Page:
What's the status update on an American education? Waiting for "Superman" is worth discussing.
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Waiting for "Superman" is a movie that has created quite a buzz. I heard it first mentioned on the Oprah Winfrey Show. Then it came up on MSNBC's Teacher Town Hall. So, I was quite surprised to see that so few theaters were actually showing this documentary that provides a status update on American education. According to the "Oprah Effect" it seems the movie should have been sold out in every theater for opening weekend. Is Oprah losing her magic touch?
Lucky for me, I live a short distance away from the one theater where Waiting for Superman is currently playing in Michigan. Armed with my notepad and accompanied by a fellow teacher, I bought my ticket. Upon purchase I was given a $15 gift certificate to DonorsChoose. This is an online Web site (as explained by Scholastic blogger Nancy Barile) where you can donate money to fund projects in classrooms. I thought that the gift certificate was a nice touch to promote education (especially since I have a Post-It Note project on the DonorsChoose Web site that I could donate the $15 to!). I took my seat, and I tried not to get too annoyed with all the backlighting from cell phones. The movie began, and I took it all in.
After the movie several United Way representatives invited some of the patrons to a post-movie discussion across the street at a local establishment. My colleague and I decided to join the crowd of about a dozen or so. We chatted for over an hour about our thoughts on the movie. Some interesting points were made.
One elderly gentleman was passionately arguing that the United Way and the producers of this movie have a hidden agenda to promote charter schools and send anti-union messages. Of course, one has to think, why would the United Way hold a discussion with free beverages and appetizers to a small group after each showing of the movie? They report that it is to get people talking about changing education in our country. Could there be a hidden agenda? I suppose it's possible. Regardless, the state of education in the USA needs to be discussed. Finland has been able to turn their educational system around. We cannot keep ignoring our broken and sometimes corrupt system.
After watching the movie I did not get the feeling that it was to promote charter schools, bash teachers, or take down the union; however, I feel it did a nice job of raising questions that we should all talk about. Too often we ignore the elephant in the room to keep the peace among adults. Well, it is time to introduce the elephant and make some changes for the kids. The very kids that will grow up and be making decisions about our retirement. The very kids that may or may not still be living with their parents when they are fifty because they cannot compete in a global market.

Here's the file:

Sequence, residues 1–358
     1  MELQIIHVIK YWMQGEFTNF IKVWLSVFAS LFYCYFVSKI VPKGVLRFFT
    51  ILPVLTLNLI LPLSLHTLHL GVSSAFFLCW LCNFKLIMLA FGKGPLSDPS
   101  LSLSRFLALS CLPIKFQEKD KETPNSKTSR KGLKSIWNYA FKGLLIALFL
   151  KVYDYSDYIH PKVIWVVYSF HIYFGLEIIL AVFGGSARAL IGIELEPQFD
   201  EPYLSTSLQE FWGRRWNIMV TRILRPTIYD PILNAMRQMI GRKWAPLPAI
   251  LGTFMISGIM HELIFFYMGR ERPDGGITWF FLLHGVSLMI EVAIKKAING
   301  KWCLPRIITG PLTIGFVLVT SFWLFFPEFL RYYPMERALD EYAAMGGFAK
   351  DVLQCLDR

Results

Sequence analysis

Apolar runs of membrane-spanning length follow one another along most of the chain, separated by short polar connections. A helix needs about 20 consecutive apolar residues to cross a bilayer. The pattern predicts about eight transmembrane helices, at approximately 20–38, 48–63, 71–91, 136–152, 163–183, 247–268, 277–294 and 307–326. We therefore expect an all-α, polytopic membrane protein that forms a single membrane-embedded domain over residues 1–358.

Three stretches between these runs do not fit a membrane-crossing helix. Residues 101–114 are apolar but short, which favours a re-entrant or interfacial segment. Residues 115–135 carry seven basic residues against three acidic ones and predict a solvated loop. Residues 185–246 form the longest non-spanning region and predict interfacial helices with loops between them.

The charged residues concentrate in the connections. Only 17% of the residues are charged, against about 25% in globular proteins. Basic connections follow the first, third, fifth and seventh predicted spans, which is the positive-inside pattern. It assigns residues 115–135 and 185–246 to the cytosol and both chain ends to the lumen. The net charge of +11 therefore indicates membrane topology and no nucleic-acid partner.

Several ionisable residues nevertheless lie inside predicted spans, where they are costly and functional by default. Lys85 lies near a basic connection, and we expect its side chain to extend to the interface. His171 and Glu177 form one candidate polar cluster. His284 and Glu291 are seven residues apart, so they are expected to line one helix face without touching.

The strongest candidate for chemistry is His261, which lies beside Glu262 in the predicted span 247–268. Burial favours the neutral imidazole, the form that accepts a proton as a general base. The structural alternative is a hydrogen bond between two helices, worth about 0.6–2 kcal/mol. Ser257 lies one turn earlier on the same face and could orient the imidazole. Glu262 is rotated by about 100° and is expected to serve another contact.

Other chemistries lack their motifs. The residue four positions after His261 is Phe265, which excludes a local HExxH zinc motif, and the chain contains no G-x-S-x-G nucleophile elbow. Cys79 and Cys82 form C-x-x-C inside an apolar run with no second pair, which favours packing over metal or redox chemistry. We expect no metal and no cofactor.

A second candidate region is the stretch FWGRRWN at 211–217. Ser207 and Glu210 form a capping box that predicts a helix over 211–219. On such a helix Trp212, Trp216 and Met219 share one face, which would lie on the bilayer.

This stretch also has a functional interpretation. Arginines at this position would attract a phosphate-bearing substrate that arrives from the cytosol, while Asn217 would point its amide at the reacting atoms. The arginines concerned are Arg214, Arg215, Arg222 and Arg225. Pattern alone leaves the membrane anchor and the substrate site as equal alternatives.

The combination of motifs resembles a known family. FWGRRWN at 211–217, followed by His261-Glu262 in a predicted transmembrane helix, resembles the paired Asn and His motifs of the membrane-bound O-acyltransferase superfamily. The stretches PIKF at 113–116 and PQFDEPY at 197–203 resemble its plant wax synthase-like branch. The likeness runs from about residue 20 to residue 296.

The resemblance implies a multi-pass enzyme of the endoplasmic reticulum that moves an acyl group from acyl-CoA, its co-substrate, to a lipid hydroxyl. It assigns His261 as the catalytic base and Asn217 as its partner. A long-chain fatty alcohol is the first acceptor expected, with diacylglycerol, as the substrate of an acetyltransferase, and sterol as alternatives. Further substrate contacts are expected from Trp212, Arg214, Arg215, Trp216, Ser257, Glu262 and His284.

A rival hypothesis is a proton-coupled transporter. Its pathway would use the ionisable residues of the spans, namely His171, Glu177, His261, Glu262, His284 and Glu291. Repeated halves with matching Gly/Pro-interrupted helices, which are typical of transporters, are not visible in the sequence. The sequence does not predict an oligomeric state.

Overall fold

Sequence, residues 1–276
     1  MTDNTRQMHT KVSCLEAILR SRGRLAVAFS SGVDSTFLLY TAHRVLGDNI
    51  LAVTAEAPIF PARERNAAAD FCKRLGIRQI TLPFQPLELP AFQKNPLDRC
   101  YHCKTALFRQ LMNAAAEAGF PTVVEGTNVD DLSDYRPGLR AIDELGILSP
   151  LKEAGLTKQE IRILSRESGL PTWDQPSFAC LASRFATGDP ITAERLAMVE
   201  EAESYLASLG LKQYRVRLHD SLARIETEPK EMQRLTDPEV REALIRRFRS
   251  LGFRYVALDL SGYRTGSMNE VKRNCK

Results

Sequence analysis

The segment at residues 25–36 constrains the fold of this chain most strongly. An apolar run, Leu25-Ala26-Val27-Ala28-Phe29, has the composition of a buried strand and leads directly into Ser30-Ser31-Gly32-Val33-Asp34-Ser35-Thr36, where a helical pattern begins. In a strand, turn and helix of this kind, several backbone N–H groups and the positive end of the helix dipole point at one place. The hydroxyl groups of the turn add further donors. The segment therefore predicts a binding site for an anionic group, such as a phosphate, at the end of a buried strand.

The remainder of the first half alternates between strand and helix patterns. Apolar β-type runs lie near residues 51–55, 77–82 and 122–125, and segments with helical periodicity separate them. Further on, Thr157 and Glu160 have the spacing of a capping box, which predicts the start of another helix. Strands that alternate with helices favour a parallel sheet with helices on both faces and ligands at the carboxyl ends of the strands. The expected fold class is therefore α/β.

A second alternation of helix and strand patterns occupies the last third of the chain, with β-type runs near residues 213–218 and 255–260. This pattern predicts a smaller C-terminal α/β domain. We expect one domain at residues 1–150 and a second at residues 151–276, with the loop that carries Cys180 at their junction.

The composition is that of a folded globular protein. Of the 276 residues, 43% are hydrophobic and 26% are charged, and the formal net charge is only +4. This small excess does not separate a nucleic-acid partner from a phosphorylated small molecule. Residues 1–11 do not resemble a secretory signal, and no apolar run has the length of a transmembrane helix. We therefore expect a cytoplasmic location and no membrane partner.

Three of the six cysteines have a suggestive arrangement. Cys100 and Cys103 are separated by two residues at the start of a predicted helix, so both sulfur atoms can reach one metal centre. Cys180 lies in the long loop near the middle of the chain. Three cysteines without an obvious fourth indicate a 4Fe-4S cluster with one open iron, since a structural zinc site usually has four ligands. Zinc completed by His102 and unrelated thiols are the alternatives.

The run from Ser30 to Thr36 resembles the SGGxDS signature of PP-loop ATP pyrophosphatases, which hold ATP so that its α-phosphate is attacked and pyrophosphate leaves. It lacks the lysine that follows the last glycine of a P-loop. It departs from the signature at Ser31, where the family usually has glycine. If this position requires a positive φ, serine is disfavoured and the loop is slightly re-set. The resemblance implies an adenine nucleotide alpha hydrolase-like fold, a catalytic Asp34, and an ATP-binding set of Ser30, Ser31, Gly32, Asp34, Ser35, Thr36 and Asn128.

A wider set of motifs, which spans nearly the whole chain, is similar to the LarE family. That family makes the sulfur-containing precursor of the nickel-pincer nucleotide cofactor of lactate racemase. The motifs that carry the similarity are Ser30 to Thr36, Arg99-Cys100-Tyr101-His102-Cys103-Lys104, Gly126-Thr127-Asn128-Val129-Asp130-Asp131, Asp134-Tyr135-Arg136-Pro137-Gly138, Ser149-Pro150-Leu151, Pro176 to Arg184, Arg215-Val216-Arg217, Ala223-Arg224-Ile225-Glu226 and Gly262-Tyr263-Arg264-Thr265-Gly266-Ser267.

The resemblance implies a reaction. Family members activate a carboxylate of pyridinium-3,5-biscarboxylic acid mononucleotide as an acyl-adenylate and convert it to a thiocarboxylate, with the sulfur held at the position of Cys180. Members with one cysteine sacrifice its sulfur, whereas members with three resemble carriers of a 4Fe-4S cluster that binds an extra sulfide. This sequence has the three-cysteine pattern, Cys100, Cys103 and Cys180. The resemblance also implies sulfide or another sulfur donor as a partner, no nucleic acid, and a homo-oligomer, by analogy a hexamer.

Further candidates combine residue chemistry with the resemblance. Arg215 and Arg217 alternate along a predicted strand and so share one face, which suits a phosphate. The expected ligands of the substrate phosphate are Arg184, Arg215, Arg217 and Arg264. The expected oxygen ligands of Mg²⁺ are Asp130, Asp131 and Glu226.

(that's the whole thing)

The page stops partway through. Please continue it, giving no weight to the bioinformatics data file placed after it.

Reflecting upon the movie experience, I have a gamut of emotions. I was saddened to be reminded of how political the world is. I was disappointed that the Washington, D.C. union banned a vote to pay teachers according to performance (curious how that vote would have went as money is a big motivator in our society). I was excited at the passion that Michelle Rhee had for taking care of business in Washington, D.C. Lastly, I was glad that this film brought to light issues happening in schools (public and private alike) around the nation.
Yes, there are bad teachers. However, teachers cannot be solely responsible for a child's demise any more than a dentist is held accountable for all the cavities of an irresponsible brusher and flosser. Administrators have to show perseverance and weed out the low performing teachers before tenure. Unions should take initiative and develop fair ways for administrators to do these evaluations. Parents should be held accountable for being involved in the lives of their children. The government should adequately fund education. And, yes, teachers should step it up a notch. The movie gives some great statistics and illustrations on many of these issues. I encourage you to watch it with your colleagues and have some good discussions about how you can change. While there ain't no superman, all of us could be Clark Kent.
What did you think of the movie? Will it create change? Is there a hidden agenda? Should any child ever have a look of disappointment because they didn't win a lottery into a high performing school? What role do you believe unions, tenure, or charter schools should play in our society?
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Flag photos courtesy clker.com.